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NCCN Guidelines® Recommendations

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    BESPONSA is indicated for the treatment of adults with relapsed or refractory B-cell precursor acute lymphoblastic leukemia (ALL).1

    The efficacy and safety of BESPONSA were evaluated in a Phase 3 clinical trial vs standard chemotherapy.1,2

    Review efficacy data

    Review the safety profile of BESPONSA, including the BOXED WARNING.1

    Review safety data

    BESPONSA offers convenient 1‑hour dosing by IV infusion and can be administered in the outpatient setting.1,3

    Learn more about dosing

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    National Comprehensive Cancer Network (NCCN®) Recommended

    Inotuzumab ozogamicin (BESPONSA®) is a recommended treatment option in the NCCN Clinical Practice Guidelines in Oncology (NCCN Guidelines®)4 
    • For adults with Ph– relapsed or refractory B-cell precursor ALL: Category 1
    • For adults with Ph+ relapsed or refractory B-cell precursor ALL: Category 2A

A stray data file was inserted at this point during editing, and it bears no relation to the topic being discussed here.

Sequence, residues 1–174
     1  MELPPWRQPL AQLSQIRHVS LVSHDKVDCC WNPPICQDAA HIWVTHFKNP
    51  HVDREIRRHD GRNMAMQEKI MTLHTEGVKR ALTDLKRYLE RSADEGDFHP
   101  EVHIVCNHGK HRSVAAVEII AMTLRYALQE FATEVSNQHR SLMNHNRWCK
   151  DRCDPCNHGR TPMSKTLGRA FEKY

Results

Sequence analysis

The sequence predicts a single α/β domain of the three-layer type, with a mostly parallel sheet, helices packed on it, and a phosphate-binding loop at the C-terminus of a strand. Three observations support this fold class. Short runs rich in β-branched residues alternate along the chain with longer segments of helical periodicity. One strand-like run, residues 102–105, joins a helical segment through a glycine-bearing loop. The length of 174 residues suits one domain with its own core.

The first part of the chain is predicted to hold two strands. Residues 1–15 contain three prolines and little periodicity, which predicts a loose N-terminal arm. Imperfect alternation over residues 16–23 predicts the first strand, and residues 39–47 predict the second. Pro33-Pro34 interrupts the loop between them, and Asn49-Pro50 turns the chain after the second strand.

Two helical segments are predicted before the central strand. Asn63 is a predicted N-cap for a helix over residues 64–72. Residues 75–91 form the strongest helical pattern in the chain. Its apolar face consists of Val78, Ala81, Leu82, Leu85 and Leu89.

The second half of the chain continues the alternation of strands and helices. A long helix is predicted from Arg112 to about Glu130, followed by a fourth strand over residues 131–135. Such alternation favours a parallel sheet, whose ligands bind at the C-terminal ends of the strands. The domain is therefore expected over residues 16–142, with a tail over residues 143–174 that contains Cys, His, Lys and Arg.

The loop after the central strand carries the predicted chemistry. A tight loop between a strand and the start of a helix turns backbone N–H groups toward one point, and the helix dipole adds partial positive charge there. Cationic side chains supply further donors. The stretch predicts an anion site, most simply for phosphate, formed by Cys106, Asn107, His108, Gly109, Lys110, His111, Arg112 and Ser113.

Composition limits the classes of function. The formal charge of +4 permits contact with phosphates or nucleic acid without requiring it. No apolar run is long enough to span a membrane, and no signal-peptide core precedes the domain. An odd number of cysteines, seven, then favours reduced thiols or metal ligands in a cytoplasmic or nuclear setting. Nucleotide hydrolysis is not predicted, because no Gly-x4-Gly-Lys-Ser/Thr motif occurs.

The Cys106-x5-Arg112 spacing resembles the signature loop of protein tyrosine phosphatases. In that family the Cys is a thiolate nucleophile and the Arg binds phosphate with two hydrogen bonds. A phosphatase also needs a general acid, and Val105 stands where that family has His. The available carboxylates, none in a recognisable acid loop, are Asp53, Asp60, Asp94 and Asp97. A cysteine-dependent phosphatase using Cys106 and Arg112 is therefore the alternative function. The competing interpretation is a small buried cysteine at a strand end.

Review recommendations

    IV=intravenous; Ph–=Philadelphia chromosome–negative; Ph+=Philadelphia chromosome–positive.

    1. BESPONSA Prescribing Information. New York, NY: Pfizer Inc. 
    2. Kantarjian HM, DeAngelo DJ, Stelljes M, et al. Inotuzumab ozogamicin versus standard therapy for acute lymphoblastic leukemia. N Engl J Med. 2016;375(8):740-753. 
    3. Data on file. Pfizer Inc., New York, NY.
    4. Referenced with permission from the NCCN Clinical Practice Guidelines in Oncology (NCCN Guidelines®) Acute Lymphoblastic Leukemia V.4.2021. © National Comprehensive Cancer Network, Inc. 2022. All rights reserved. Accessed February 03, 2022. To view the most recent and complete version of the guideline, go online to NCCN makes no warranties of any kind whatsoever regarding their content or its use or application and disclaims any responsibility for its use or application in any way.